Integration is one of the most critical aspects of an M&A to achieve the transaction's desired synergies and value-creation potential. Therefore, acquirers must focus on integration to do well in M&A. In this article, Cara Bibbiani, Senior Director, Corporate Development, M&A Integration at Hewlett Packard Enterprise, discusses how to perform better M&A Integration.
"You have to have a culture of continuous improvement. Feedback is a gift, and you should always be seeking and sharing feedback." - Cara Bibbiani
To execute better, the integration team must work closely with the deal team. Both teams must work side by side and learn from each other. During deals, the deal team must involve the integration team early in the process to understand the strategic rationale of each deal.
Conversely, by working together, the deal team will learn all the integration learnings from past experiences and build on those as they look for future deals. Therefore, each company must be deliberate in aligning closely with both teams to ensure deal success.
Over at HP, they have a weekly meeting where both teams are present. The deal team talks about their prospects while the integration team discusses their current integration activities.
The landscape of M&A is constantly changing, and what worked years ago might not work today. Therefore, the integration team must continuously improve their process and always be on top of their game.
According to Cara, feedback is the best way to achieve this. Cultivate a culture of continuous improvement and always make time to review what happened in previous deals. During these meetings, they have ground rules to provide better feedback and a safe environment for everyone.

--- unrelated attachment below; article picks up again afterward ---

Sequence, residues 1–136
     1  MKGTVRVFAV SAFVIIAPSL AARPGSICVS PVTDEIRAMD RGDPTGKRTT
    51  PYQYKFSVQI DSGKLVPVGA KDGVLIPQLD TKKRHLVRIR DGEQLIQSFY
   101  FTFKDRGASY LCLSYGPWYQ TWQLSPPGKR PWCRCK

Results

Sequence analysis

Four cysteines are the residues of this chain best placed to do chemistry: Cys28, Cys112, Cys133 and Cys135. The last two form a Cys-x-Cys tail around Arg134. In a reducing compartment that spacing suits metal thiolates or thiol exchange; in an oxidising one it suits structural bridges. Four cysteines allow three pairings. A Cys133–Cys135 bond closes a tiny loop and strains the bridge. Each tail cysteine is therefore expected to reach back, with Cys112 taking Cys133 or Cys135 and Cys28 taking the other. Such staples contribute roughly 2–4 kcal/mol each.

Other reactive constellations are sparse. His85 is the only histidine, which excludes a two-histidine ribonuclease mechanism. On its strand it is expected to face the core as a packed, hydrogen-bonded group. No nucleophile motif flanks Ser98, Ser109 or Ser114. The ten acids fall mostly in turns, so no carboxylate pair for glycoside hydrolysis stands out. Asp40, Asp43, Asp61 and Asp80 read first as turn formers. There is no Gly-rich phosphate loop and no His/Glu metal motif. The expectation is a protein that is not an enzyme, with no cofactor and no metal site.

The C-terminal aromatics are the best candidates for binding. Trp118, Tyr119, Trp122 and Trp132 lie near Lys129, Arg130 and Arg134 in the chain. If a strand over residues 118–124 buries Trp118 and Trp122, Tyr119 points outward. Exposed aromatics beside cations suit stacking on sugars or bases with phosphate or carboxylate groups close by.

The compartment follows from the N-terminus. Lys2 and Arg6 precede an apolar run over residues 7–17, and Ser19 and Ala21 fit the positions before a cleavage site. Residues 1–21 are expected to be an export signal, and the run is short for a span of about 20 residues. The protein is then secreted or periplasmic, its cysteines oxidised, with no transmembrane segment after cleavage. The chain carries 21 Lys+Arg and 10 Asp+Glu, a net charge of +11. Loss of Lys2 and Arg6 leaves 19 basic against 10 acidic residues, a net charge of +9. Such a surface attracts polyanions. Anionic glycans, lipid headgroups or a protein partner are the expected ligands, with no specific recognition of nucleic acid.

Another recipe for better integration is a strong partnership with the business leader. The integration team must ensure that the business unit leaders understand that they are accountable for its success. Here's a checklist that integration leaders must expect from business leaders:
Despite popular belief, HR should not always be responsible for cultural integration. For example, in a large company, different businesses have their own culture, which is why the receiving business unit must own its integration.
The people aspect is one of the integration's most essential and challenging aspects. The integration team must truly understand what it will take to retain the incoming people and avoid attrition.
Cara and her team like to use Glassdoor and early surveys to understand what matters to the employees. Understanding the things that will make the people leave immediately is critical. Also, proactively communicate the plan as much as possible with the people. Typically, they are fearful for their job, and learning the integration plan will help calm them down.
Lastly, be open to reverse integration in the spirit of continuous improvement. There are instances where the target company does things much better than the acquirers. Adapting the target's processes will improve the parent business and show the people that they matter and are a part of the process.